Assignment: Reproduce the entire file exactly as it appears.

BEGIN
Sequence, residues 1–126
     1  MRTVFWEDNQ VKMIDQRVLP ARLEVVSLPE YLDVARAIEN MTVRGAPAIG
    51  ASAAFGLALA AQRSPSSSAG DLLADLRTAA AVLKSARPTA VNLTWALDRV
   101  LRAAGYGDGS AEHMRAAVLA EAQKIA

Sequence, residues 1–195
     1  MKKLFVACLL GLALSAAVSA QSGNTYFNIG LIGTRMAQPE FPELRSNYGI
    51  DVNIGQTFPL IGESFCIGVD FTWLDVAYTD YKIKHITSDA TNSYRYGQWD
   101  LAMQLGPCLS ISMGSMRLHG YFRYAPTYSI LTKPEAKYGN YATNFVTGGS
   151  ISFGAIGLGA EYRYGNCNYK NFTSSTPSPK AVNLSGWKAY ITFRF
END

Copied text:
Sequence, residues 1–126
     1  MRTVFWEDNQ VKMIDQRVLP ARLEVVSLPE YLDVARAIEN MTVRGAPAIG
    51  ASAAFGLALA AQRSPSSSAG DLLADLRTAA AVLKSARPTA VNLTWALDRV
   101  LRAAGYGDGS AEHMRAAVLA EAQKIA

Sequence, residues 1–195
     1  MKKLFVACLL GLALSAAVSA QSGNTYFNIG LIGTRMAQPE FPELRSNYGI
    51  DVNIGQTFPL IGESFCIGVD FTWLDVAYTD YKIKHITSDA TNSYRYGQWD
   101  LAMQLGPCLS ISMGSMRLHG YFRYAPTYSI LTKPEAKYGN YATNFVTGGS
   151  ISFGAIGLGA EYRYGNCNYK NFTSSTPSPK AVNLSGWKAY ITFRF